3 The Functions of the Package

`‣ NilpotentQuotient` ( [output-file, ]fp-group[, id-gens][, c] ) | ( function ) |

`‣ NilpotentQuotient` ( [output-file, ]input-file[, c] ) | ( function ) |

The parameter `fp-group`

is either a finitely presented group or a record specifying a presentation by expression trees (see section 2.6). The parameter `input-file`

is a string specifying the name of a file containing a finite presentation in the input format (cf. section 2.8) of the ANU NQ. Such a file can be prepared by a text editor or with the help of the function `NqStringFpGroup`

(3.3-2).

Let \(G\) be the group defined by `fp-group`

or the group defined in `input-file`

. The function computes a nilpotent presentation for \(G/\gamma_{c+1}(G)\) if the optional parameter `c`

is specified. If `c`

is not given, then the function attempts to compute the largest nilpotent quotient of \(G\) and it will terminate only if \(G\) has a largest nilpotent quotient. See section 3.5 for a possibility to follow the progress of the computation.

The optional argument `id-gens`

is a list of generators of the free group underlying the finitely presented group `fp-group`

. The generators in this list are treated as identical generators. Consequently, all relations of the `fp-group`

involving these generators are treated as identical relations for these generators.

In addition to the arguments explained above, the function accepts the following options as shown in the first example below:

`group`

This option can be used instead of the parameter`fp-group`

.`input\_string`

This option can be used to specify a finitely presented group by a string in the input format of the standalone program.`input\_file`

This option specifies a file with input for the standalone program.`output\_file`

This option specifies a file for the output of the standalone.`idgens`

This options specifies a list of identical generators.`class`

This option specifies the nilpotency class up to which the nilpotent quotient will be computed.

The following example computes the class-5 quotient of the free group on two generators.

gap> F := FreeGroup( 2 ); <free group on the generators [ f1, f2 ]> gap> ## Equivalent to: NilpotentQuotient( : group := F, class := 5 ); gap> ## NilpotentQuotient( F : class := 5 ); gap> H := NilpotentQuotient( F, 5 ); Pcp-group with orders [ 0, 0, 0, 0, 0, 0, 0, 0, 0, 0, 0, 0, 0, 0 ] gap> lcs := LowerCentralSeries( H );; gap> for i in [1..5] do Print( lcs[i] / lcs[i+1], "\n" ); od; Pcp-group with orders [ 0, 0 ] Pcp-group with orders [ 0 ] Pcp-group with orders [ 0, 0 ] Pcp-group with orders [ 0, 0, 0 ] Pcp-group with orders [ 0, 0, 0, 0, 0, 0 ]

Note that the lower central series in the example is part of the data returned by the standalone program. Therefore, the execution of the function LowerCentralSeries takes no time.

The next example computes the class-4 quotient of the infinite dihedral group. The group is soluble but not nilpotent. The first factor of its lower central series is a Klein four group and all the other factors are cyclic or order \(2\).

gap> F := FreeGroup( 2 ); <free group on the generators [ f1, f2 ]> gap> G := F / [F.1^2, F.2^2]; <fp group on the generators [ f1, f2 ]> gap> H := NilpotentQuotient( G, 4 ); Pcp-group with orders [ 2, 2, 2, 2, 2 ] gap> lcs := LowerCentralSeries( H );; gap> for i in [1..Length(lcs)-1] do > Print( AbelianInvariants(lcs[i] / lcs[i+1]), "\n" ); > od; [ 2, 2 ] [ 2 ] [ 2 ] [ 2 ] gap>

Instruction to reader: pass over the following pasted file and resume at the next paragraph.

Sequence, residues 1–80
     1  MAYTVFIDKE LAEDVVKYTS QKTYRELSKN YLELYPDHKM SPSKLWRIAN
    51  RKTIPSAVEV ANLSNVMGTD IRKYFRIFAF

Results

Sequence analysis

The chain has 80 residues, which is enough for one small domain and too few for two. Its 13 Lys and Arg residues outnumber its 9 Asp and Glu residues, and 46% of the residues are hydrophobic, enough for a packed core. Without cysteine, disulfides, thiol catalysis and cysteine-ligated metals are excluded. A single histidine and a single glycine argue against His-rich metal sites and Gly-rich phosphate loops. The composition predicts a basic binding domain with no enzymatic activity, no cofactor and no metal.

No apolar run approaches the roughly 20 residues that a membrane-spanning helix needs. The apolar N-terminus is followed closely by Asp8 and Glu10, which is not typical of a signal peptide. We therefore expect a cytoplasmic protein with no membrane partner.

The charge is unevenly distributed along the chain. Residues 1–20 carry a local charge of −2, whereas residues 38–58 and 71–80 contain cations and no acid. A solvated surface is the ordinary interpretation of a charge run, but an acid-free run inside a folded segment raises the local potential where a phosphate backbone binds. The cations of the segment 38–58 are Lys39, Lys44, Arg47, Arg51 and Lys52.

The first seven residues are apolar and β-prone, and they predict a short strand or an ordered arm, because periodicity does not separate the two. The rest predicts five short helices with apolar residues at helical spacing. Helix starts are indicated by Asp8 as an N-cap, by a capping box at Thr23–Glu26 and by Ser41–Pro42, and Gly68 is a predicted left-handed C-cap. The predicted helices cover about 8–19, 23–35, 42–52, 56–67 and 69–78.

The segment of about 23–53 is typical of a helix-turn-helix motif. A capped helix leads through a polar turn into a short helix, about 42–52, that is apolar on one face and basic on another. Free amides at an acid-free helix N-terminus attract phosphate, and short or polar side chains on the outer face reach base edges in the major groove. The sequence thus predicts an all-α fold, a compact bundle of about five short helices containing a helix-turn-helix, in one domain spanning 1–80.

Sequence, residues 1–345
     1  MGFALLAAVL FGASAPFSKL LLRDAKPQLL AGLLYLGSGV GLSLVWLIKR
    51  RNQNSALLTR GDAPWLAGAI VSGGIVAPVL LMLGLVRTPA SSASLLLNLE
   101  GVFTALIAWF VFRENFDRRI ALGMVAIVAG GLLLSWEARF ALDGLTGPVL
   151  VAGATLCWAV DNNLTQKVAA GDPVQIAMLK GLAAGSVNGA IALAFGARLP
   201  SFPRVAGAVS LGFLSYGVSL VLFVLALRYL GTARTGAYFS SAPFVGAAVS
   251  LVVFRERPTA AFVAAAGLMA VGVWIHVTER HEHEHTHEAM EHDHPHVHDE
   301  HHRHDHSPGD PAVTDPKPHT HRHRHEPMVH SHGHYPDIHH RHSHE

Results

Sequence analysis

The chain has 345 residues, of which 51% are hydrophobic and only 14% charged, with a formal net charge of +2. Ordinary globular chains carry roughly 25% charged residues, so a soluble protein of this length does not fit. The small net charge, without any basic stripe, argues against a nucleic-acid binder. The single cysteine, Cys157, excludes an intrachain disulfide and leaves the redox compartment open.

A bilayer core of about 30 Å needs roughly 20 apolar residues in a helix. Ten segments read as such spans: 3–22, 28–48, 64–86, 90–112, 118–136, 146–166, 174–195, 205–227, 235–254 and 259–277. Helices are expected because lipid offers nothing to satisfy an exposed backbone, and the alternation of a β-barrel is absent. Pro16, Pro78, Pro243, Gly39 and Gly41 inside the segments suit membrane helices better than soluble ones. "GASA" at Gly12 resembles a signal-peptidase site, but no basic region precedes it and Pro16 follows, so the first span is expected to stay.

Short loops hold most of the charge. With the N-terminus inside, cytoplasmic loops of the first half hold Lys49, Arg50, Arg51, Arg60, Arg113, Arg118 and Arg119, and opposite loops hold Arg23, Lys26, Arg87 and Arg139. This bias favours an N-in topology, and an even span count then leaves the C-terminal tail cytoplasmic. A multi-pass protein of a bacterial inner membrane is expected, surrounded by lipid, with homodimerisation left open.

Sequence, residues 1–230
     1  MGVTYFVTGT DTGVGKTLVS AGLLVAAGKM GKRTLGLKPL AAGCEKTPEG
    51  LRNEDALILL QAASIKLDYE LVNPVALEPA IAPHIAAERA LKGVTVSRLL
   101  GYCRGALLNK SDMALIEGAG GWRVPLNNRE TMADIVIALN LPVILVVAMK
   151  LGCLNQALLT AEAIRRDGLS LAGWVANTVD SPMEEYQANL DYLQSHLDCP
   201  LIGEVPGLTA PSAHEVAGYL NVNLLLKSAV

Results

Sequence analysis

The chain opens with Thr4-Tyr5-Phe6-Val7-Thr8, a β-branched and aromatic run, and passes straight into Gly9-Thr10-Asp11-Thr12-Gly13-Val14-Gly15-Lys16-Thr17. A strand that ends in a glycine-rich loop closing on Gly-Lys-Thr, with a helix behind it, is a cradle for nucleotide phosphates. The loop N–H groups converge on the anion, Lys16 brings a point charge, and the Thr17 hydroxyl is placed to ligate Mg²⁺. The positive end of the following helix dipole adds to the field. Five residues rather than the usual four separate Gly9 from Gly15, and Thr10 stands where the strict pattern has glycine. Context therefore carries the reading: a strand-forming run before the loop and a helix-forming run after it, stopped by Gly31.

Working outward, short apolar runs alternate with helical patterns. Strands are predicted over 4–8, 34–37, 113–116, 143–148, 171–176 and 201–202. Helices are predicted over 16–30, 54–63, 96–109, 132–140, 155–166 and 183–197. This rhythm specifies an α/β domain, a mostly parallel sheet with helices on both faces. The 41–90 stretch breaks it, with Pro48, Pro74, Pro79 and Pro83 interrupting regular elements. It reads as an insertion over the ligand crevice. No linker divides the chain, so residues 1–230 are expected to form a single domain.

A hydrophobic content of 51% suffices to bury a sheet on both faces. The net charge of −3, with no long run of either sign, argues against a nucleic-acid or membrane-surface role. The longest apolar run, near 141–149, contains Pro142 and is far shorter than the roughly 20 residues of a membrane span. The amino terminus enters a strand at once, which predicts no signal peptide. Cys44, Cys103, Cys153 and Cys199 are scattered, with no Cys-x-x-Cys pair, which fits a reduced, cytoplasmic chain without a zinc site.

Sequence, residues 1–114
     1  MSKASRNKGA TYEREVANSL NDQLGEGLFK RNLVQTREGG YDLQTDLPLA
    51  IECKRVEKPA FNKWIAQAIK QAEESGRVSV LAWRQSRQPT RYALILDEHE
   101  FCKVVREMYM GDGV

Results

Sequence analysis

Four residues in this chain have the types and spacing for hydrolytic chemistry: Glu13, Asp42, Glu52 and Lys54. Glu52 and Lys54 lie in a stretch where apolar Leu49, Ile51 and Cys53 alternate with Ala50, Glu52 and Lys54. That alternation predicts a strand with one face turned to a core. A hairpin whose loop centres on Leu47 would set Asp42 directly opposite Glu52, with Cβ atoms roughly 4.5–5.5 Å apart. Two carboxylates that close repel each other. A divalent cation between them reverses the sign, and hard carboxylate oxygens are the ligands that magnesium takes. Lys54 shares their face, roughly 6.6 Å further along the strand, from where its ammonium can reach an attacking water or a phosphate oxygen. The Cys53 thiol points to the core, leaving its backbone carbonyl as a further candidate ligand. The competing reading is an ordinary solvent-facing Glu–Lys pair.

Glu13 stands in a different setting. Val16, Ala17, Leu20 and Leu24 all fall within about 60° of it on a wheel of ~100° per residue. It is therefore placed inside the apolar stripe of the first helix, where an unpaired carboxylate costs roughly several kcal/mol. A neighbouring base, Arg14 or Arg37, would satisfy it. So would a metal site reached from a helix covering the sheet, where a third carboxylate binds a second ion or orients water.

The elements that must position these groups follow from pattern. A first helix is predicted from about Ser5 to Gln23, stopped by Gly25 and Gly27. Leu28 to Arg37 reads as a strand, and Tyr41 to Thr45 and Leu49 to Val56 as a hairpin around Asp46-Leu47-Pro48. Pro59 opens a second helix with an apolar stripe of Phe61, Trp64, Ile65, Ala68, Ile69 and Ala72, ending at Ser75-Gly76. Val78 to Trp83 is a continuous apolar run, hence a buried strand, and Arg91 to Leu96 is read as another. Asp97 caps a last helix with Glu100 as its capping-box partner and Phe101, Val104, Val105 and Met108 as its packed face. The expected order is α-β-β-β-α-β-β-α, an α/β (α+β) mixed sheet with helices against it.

In the following example identical generators are used in order to express the fact that the group is nilpotent of class \(3\). A group is nilpotent of class \(3\) if it satisfies the identical relation \([x_1,x_2,x_3,x_4]=1\) (cf. Section 2.5). The result is the free nilpotent group of class \(3\) on two generators.

gap> F := FreeGroup( "a", "b", "w", "x", "y", "z" ); <free group on the generators [ a, b, w, x, y, z ]> gap> G := F / [ LeftNormedComm( [F.3,F.4,F.5,F.6] ) ]; <fp group of size infinity on the generators [ a, b, w, x, y, z ]> gap> ## The following is equivalent to: gap> ## NilpotentQuotient( G : idgens := [F.3,F.4,F.5,F.6] ); gap> H := NilpotentQuotient( G, [F.3,F.4,F.5,F.6] ); Pcp-group with orders [ 0, 0, 0, 0, 0 ] gap> NilpotencyClassOfGroup(H); 3 gap> LowerCentralSeries(H); [ Pcp-group with orders [ 0, 0, 0, 0, 0 ], Pcp-group with orders [ 0, 0, 0 ], Pcp-group with orders [ 0, 0 ], Pcp-group with orders [ ] ]

The following example uses expression trees in order to specify the third Engel law for the free group on \(3\) generators.

gap> et := ExpressionTrees( 5 ); [ x1, x2, x3, x4, x5 ] gap> comm := LeftNormedComm( [et[1], et[2], et[2], et[2]] ); Comm( x1, x2, x2, x2 ) gap> G := rec( generators := et, relations := [comm] ); rec( generators := [ x1, x2, x3, x4, x5 ], relations := [ Comm( x1, x2, x2, x2 ) ] ) gap> H := NilpotentQuotient( G : idgens := [et[1],et[2]] ); Pcp-group with orders [ 0, 0, 0, 0, 0, 0, 0, 0, 0, 0, 0, 0, 0, 0, 2, 4, 2, 2, 0, 6, 6, 0, 0, 2, 10, 10, 10 ] gap> TorsionSubgroup( H ); Pcp-group with orders [ 2, 2, 2, 2, 2, 2, 2, 10, 10, 10 ] gap> lcs := LowerCentralSeries( H );; gap> NilpotencyClassOfGroup( H ); 5 gap> for i in [1..5] do Print( lcs[i] / lcs[i+1], "\n" ); od; Pcp-group with orders [ 0, 0, 0 ] Pcp-group with orders [ 0, 0, 0 ] Pcp-group with orders [ 0, 0, 0, 0, 0, 0, 0, 0 ] Pcp-group with orders [ 2, 4, 2, 2, 0, 6, 6, 0, 0, 2 ] Pcp-group with orders [ 10, 10, 10 ] gap> for i in [1..5] do Print( AbelianInvariants(lcs[i]/lcs[i+1]), "\n" ); od; [ 0, 0, 0 ] [ 0, 0, 0 ] [ 0, 0, 0, 0, 0, 0, 0, 0 ] [ 2, 2, 2, 2, 2, 2, 2, 0, 0, 0 ] [ 10, 10, 10 ]

The example above also shows that the relative orders of an abelian polycyclic group need not be the abelian invariants (elementary divisors) of the group. Each zero corresponds to a generator of infinite order. The number of zeroes is always correct.

`‣ NilpotentEngelQuotient` ( [output-file, ]fp-group, n[, id-gens][, c] ) | ( function ) |

`‣ NilpotentEngelQuotient` ( [output-file, ]input-file, n[, c] ) | ( function ) |

This function is a special version of `NilpotentQuotient`